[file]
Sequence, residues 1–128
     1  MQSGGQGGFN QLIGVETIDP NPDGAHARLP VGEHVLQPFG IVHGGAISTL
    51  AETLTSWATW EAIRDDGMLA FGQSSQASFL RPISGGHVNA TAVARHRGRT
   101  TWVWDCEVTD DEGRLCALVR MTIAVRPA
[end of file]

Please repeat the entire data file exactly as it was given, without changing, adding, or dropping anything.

Sequence, residues 1–128
     1  MQSGGQGGFN QLIGVETIDP NPDGAHARLP VGEHVLQPFG IVHGGAISTL
    51  AETLTSWATW EAIRDDGMLA FGQSSQASFL RPISGGHVNA TAVARHRGRT
   101  TWVWDCEVTD DEGRLCALVR MTIAVRPA